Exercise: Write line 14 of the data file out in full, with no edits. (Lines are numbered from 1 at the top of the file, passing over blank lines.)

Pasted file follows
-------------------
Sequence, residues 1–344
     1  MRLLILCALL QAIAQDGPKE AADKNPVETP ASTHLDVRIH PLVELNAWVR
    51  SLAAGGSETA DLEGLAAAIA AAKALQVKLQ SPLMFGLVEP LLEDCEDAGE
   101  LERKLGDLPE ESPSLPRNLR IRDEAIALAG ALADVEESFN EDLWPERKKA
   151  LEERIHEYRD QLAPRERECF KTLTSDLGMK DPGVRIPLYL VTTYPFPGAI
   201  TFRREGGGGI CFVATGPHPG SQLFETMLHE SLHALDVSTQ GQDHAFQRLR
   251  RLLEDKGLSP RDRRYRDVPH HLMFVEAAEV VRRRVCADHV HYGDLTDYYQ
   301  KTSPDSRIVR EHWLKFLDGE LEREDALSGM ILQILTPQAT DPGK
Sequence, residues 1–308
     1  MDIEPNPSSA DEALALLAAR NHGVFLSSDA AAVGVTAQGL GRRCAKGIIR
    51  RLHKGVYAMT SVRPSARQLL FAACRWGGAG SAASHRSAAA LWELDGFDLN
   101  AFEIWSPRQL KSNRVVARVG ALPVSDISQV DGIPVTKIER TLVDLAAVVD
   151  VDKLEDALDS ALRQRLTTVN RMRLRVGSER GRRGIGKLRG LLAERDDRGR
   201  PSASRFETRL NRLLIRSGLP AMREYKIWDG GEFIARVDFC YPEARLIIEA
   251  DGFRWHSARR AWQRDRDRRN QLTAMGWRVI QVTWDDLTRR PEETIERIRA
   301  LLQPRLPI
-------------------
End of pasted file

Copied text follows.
   201  PSASRFETRL NRLLIRSGLP AMREYKIWDG GEFIARVDFC YPEARLIIEA